According to CDPH, symptoms of campylobacteriosis include diarrhea, abdominal cramps, and fever.  Most people with camplylobacteriosis recover completely.  Illness usually occurs 2 to 5 days after exposure to campylobacter and lasts about a week.  The illness is usually mild and some people with campylobacteriosis have no symptoms at all.  However, in some persons with compromised immune systems, it can cause a serious, life-threatening infection.  A small percentage of people may have joint pain and swelling after infection.  In addition, a rare disease called Guillian-Barre syndrome that causes weakness and paralysis can occur several weeks after the initial illness.

The Pennsylvania Department of Agriculture has warned consumers who bought raw milk from Apple Valley Creamery in Adams County to immediately discard it due to Campylobacter contamination found in a recent sample.

The dairy is located along the 500 block of Germany Road in East Berlin.

The raw milk sample was collected from the farm Jan. 28 during required routine sampling by a commercial laboratory and later tested positive for the bacteria.

Apple Valley Creamery sells directly to customers at an on-farm retail store and through home delivery services. Several retail facilities in Adams, Cumberland, Dauphin and Perry counties also carry the creamery’s products. The packaged raw milk is sold under the Apple Valley Creamery label in half gallon and quart glass containers with the sell-by dates of Feb. 9 and Feb. 11. It is labeled as “raw milk.”

Apple Valley Creamery also bottles pasteurized milk. This notice does not affect the pasteurized milk bottled by the creamery.

Agriculture officials have ordered the owner of the dairy to stop the sale of all raw milk until further notice. Multiple samples must test negative before the farm can resume raw milk sales.

Raw milk is milk that has not been pasteurized.

Pennsylvania law allows farms to sell raw milk but requires the farms to be permitted and inspected by the agriculture department to reduce health risks associated with unpasteurized products. There are 150 farms in Pennsylvania permitted to sell raw milk or raw milk cheese.

Symptoms of Campylobacter include fever, abdominal pain and gastrointestinal symptoms such as nausea and diarrhea. Symptoms usually appear within 1-7 days after consumption.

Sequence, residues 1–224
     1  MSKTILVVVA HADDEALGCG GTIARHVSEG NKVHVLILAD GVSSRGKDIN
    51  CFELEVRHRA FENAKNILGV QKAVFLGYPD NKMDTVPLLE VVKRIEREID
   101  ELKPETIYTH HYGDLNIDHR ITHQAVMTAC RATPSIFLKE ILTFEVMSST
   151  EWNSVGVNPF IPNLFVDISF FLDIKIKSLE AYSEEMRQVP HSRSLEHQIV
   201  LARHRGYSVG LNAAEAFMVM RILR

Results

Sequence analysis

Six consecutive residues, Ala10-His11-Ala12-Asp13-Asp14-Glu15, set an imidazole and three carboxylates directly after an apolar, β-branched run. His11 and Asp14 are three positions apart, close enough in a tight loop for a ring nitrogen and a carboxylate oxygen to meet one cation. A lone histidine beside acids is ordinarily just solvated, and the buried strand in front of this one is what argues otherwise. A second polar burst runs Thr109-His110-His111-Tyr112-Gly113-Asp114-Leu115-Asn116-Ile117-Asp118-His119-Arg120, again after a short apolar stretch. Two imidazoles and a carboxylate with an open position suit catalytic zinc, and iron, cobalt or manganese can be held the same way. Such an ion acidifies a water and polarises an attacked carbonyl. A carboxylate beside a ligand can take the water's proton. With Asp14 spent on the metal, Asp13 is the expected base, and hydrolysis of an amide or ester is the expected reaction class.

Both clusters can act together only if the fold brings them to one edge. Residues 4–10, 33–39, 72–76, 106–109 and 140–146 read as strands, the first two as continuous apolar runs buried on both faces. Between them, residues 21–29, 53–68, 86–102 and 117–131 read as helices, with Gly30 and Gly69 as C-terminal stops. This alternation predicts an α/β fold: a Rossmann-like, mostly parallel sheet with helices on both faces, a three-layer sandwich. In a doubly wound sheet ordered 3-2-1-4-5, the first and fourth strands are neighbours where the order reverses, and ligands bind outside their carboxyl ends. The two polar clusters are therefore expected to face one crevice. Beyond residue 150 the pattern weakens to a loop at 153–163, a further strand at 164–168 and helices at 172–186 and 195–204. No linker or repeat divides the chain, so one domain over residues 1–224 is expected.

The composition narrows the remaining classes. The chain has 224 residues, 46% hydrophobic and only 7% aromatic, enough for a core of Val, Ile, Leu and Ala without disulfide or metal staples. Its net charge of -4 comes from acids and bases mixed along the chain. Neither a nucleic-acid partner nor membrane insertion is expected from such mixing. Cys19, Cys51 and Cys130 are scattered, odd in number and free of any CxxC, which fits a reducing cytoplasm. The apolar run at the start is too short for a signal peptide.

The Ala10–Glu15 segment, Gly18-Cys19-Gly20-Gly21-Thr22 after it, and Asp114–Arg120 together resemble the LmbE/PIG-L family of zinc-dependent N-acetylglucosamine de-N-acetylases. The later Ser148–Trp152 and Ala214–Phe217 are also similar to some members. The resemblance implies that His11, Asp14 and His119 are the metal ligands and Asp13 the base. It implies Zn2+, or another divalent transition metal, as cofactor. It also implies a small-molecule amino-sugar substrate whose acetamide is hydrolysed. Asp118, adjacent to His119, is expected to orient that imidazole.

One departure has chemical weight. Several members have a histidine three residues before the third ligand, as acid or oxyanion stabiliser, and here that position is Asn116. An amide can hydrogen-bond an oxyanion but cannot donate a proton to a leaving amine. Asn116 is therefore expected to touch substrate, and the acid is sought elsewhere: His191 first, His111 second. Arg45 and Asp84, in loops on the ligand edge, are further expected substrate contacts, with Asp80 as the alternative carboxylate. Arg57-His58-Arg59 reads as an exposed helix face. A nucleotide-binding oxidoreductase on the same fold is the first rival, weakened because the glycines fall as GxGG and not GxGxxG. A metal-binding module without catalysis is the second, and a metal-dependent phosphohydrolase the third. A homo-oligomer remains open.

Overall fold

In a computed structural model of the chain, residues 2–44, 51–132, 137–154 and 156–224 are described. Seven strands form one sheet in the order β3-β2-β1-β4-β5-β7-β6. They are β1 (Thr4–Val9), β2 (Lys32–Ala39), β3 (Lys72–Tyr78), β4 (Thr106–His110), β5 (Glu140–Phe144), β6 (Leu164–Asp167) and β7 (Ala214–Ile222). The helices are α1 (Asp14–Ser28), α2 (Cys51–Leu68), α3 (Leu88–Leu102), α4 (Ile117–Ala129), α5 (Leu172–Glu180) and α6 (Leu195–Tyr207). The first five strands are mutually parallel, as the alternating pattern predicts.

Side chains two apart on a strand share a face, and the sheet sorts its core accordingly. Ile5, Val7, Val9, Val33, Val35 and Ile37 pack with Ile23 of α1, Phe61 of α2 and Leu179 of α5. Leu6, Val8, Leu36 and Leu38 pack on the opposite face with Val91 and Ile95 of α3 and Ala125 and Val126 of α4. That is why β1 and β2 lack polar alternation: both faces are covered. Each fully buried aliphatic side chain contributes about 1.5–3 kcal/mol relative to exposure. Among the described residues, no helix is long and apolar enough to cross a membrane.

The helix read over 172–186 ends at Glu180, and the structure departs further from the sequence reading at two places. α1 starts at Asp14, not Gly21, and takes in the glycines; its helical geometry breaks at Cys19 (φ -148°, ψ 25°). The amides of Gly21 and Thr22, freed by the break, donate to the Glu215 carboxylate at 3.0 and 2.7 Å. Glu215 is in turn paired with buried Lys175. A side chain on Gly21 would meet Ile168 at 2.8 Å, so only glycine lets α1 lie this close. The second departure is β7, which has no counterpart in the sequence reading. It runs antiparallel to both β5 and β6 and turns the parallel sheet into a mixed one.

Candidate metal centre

The Pennsylvania Department of Health confirmed at least 80 cases of Campylobacter infections in an outbreak tied to contaminated unpasteurized milk from The Family Cow dairy, located in Chambersburg, Pennsylvania.  Illness onset dates for the outbreak ranged from January 17 to February 1. At least nine people were hospitalized.  This was one of the largest foodborne illness linked to raw milk in Pennsylvania history, and affected individuals in four states. The breakdown of illnesses by state is as follows:  Pennsylvania (70), Maryland (5), West Virginia (3), and New Jersey (2).

Since 2007, Pennsylvania raw milk dairies have been linked to at least seven outbreaks, now resulting in a total of 287 illnesses. In 2008, the state had a raw milk outbreak of Campylobacter infection that sickened 72 people.

Although the dairy temporarily halted sales upon discovery of the outbreak, the farm was allowed to resume production on February 6, after passing a health inspection.  Lab tests by the Maryland Department of Health and Mental Hygiene found the outbreak strain of Campylobacter in two unopened bottles of raw milk collected from customers’ homes, and the owners of the dairy acknowledged responsibility for the contaminated milk that caused the outbreak.  “It was us … food from our farm has made people sick,” owner Edwin Shank wrote in an open letter posted on the dairy’s website.

Of the 80 confirmed cases, 25 (31 percent) were under the age of 18, while all those ill ranged in age from 2 to 74.  There have been two additional outbreaks since 2012 – http://www.foodsafetynews.com/2013/08/third-campylobacter-outbreak-from-family-cow-dairy-sickens-2/#.Um54nyTPFXM

Campylobacter:  Marler Clark, The Food Safety Law Firm, is the nation’s leading law firm representing victims of Campylobacter outbreaks. The Campylobacter lawyers of Marler Clark have represented thousands of victims of Campylobacter and other foodborne illness outbreaks and have recovered over $600 million for clients.  Marler Clark is the only law firm in the nation with a practice focused exclusively on foodborne illness litigation.  Our Campylobacter lawyers have litigated Campylobacter cases stemming from outbreaks traced to a variety of sources, such as raw milk and municipal water.